ServiceNow contends that the '229 patent attempts to claim the abstract idea of categorizing and organizing information into a hierarchy. Opening Brief at 16, ECF 70. If this characterization of the claims at issue is correct, there is little doubt that the claims are invalid as being directed to patent-ineligible subject matter. Claiming the abstract idea of organizing information into a hierarchy would preempt any other inventor from creating a computer-based method for categorizing and organizing information by classification, no matter how the inventor achieved this result. See, e.g., Cyberfone Sys v. CNN Interactive Grp, 558 F. App'x 988, 992 (Fed. Cir. 2014); Digitech Image Technologies v. Electronics for Imaging, 758 F.3d 1344, 1351 (Fed. Cir. 2014).
HP does not dispute that such abstract ideas are patent-ineligible, but rather disputes ServiceNow's characterization of the '229 patent's claims. According to HP, the '229 patent claims something much more specific and concrete than ServiceNow suggests. Opposition Brief at 14, ECF 79 ("The '229 Patent is directed to an apparatus and method that uses specialized data structures . . . ."). Specifically, HP points to the fact that its claims are limited to implementations that use "derived containers" and "container definition nodes." Opposition Brief at 15.
If HP is correct that "derived containers" and "container definition nodes" really are specific, specialized data structures, rather than functionally defined generic computer components, then the '229 patent's claims are distinguishable from those at issue in Cyberfone and Digitech and may be patent-eligible. However, ServiceNow disputes HP's characterization of the claimed data structures as "specialized." ServiceNow argues that the claims of the '229 patent simply use idiosyncratic names to identify what are actually "generic computer structures." ServiceNow's Supplemental Brief at 5, ECF 91; see also Alice, 134 S.Ct. at 2360 (holding unpatentable "system claims recit[ing] a handful of generic computer components configured to implement the [abstract] idea" because the recited computer component limitations were "purely functional and generic").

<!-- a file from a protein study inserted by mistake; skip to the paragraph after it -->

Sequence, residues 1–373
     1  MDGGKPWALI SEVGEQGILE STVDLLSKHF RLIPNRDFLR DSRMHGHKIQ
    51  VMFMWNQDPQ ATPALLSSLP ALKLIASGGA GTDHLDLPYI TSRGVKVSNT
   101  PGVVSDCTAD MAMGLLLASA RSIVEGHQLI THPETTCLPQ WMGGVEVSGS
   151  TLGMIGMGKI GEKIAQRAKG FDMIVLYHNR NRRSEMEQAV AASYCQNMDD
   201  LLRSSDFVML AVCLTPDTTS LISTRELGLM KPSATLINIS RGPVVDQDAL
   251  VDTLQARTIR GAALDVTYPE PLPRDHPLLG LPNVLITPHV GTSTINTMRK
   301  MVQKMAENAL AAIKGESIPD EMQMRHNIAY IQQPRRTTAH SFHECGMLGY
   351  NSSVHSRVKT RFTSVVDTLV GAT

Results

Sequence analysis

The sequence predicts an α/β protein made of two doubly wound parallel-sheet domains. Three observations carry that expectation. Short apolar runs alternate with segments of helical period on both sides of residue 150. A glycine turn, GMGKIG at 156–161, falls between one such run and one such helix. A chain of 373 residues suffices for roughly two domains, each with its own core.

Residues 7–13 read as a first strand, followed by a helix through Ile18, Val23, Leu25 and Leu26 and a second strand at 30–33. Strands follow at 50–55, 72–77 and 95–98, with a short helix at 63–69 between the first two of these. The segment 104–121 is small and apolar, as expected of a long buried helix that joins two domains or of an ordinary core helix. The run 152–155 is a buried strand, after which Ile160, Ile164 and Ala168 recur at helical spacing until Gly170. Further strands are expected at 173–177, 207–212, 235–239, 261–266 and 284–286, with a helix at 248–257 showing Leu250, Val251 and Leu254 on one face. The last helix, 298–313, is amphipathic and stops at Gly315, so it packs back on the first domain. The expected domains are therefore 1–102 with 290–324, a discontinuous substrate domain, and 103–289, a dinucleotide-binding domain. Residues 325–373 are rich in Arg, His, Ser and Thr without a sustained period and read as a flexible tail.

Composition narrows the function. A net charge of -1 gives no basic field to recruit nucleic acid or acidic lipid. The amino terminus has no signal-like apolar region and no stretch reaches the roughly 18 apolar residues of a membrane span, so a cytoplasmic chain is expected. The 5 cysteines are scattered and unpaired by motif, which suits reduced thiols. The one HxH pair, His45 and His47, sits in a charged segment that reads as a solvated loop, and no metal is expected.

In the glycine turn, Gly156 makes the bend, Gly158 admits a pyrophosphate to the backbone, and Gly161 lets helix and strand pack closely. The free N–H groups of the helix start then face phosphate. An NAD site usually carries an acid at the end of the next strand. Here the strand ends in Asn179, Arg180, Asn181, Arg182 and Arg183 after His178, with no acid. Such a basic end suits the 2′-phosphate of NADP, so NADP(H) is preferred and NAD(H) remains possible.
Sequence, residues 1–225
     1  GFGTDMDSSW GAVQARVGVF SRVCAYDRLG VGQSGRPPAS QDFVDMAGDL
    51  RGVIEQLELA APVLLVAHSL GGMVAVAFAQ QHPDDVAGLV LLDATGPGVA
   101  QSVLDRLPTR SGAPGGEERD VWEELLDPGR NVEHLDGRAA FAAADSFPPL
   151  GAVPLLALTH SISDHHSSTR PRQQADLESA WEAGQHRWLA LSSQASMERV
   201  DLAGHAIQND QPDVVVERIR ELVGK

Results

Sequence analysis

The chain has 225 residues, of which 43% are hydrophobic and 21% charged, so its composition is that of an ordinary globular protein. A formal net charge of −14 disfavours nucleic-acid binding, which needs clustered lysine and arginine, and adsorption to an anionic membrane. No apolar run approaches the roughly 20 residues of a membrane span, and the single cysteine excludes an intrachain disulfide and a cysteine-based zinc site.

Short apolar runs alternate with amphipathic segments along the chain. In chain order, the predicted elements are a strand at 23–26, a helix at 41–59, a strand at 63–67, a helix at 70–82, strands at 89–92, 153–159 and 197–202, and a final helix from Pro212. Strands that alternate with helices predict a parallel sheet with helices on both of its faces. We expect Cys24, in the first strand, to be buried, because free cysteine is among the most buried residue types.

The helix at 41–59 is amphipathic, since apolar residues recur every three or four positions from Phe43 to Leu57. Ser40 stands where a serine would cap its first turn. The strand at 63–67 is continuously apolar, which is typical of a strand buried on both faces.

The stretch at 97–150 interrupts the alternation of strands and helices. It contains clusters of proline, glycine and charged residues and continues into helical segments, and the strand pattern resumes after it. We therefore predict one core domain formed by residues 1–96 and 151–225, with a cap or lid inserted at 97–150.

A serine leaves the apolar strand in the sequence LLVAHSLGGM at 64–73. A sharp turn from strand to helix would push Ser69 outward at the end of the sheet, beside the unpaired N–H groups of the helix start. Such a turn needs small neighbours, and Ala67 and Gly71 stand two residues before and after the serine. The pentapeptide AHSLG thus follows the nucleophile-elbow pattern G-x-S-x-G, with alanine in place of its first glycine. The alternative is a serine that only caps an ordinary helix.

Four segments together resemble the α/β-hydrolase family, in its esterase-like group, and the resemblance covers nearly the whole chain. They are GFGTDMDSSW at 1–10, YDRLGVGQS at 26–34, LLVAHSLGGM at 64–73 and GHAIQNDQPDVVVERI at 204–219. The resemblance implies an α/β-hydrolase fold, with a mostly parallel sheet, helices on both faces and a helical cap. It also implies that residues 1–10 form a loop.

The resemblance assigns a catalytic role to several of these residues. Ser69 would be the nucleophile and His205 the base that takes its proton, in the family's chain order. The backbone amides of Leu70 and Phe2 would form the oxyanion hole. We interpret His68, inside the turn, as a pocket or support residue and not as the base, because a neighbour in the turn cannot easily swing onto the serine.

The court concludes, as an initial matter, that the patentability of the invention claimed by the '229 patent turns on whether "container definition nodes" and "derived containers" are idiosyncratic names for generic computer data structures. If they are indeed generic computer data structures, the meaningful limitations of Claim 8 are merely:
1. Creating a hierarchy of data structures, with each data structure corresponding to:
a. a definition for that data structure; and
b. a category of information stored in the repository
2. Displaying one or more of these data structures (i.e. categories of information)
3. Displaying the content of one of these data structures upon selection by the user (i.e. displaying the corresponding category of information)
In short, taken together, the container definition nodes and derived containers are nothing more than a data structure containing information for accessing the information repository hierarchically and a data structure for using that information. This describes every conceivable implementation of the abstract idea. Accordingly, the court concludes that the claims of the '229 patent are drawn toward an abstract idea.
Having found that this claim is directed to an abstract idea, the court must now search the claim limitations for an "inventive concept" to ensure that the patentee is claiming a patent-eligible application of this idea, rather than attempting to patent the idea itself. The only limitation in the claim beyond what was determined above to be a purely abstract idea is the requirement of "a number of computer readable media." '229 Patent at Claim 8. This limitation clearly does not supply any inventive concept, but rather merely [*24] limits the abstract idea to the context of computers. Similarly, there is no inventive concept in combining computer readable media with the idea of categorizing and organizing information hierarchically. Accordingly, the court finds the asserted claims of the '229 patent to be invalid under § 101 for failing to claim patentable subject matter.